“You know nothing. You know less than nothing. If you even knew that you knew nothing, that would be something. But you don’t.” – Harp, Point Break.
Thus begins Johnny Utah’s first day at the FBI. Nice way to welcome someone to the office…
In fact, Johnny is a “real blue-flame special” as Harp also notes – top of his class, football star, the works. But he’s still made to feel like he’s less than, before he’s even got started.
So, why would I write about coding? I’m no blue-flame special. I know nothing (and I know it).
But of course, I still know more than some. For example, if you want to learn to code, where do you start? I know about that bit!
It took me ages to find Code Institute and the Welsh government’s career-changers scheme (the Personal Learning Account) which would allow me to do the Web Application Development diploma. I kept looking at bootcamps, online courses, even full Comp Sci degrees, but I could never afford them.
(I know people self-teach from free courses, but I want to go deeper faster than I think that would allow me. I also know my propensity for procrastination – Lord knows what I’d end up actually learning.)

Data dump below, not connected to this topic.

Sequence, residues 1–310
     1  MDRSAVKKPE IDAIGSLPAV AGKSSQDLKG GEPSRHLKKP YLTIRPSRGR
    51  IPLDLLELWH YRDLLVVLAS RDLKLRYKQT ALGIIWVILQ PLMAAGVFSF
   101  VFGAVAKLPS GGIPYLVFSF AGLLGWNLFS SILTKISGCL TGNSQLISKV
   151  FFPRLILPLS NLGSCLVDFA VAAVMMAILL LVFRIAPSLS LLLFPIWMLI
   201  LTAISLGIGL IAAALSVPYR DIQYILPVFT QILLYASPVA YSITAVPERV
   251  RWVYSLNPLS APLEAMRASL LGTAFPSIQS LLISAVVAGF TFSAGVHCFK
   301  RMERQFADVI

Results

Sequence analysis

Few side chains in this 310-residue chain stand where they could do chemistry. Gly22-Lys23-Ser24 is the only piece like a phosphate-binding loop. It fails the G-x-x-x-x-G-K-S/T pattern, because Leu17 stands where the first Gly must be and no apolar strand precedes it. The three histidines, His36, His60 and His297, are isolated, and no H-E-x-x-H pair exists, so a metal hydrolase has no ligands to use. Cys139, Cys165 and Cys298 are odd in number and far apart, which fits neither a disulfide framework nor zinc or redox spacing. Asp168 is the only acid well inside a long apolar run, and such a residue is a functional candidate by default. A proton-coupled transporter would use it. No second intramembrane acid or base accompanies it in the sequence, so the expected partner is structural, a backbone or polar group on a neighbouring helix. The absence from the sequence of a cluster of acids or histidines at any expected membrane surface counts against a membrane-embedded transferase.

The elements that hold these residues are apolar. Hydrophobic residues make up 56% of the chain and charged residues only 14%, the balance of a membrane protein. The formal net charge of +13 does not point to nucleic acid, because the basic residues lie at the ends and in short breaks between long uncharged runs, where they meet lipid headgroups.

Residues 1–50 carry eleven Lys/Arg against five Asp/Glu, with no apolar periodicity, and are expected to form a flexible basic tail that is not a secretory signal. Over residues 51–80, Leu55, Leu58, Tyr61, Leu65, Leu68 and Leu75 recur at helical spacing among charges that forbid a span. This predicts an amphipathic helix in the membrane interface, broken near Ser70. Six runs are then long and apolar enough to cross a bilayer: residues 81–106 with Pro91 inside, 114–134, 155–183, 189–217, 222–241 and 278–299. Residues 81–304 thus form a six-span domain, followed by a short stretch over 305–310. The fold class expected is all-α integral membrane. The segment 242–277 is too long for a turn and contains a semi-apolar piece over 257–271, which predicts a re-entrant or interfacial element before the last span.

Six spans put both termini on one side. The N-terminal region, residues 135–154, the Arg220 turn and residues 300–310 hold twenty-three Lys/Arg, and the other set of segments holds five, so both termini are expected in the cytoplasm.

The first thing I can write about is that journey. Knowing I wanted to learn to code and develop, but not knowing how to go about it. The barriers to even knowing that it would be a possibility.
The main barrier was still in my own mind – is this really something I can do? Don’t I have to be good at (shudder) maths? And I’m a girl – is it even allowed?! And I’m too old! And so on and so on.
The thing is that even when I am an expert in something, I still feel like this. Imposter syndrome gets everyone.
So, I will just do it anyway! I want to write about my journey because I’ve always loved writing. I 100% want to use those hard-won skills and expertise to back up my journey, and maybe along the way (when I know a little more than nothing) I can be useful to others as well.
Theory is when you know everything, but nothing works.
Practice is when you don’t know anything, yet everything works.
In programming we combine theory and practice; nothing works, and we don’t know why.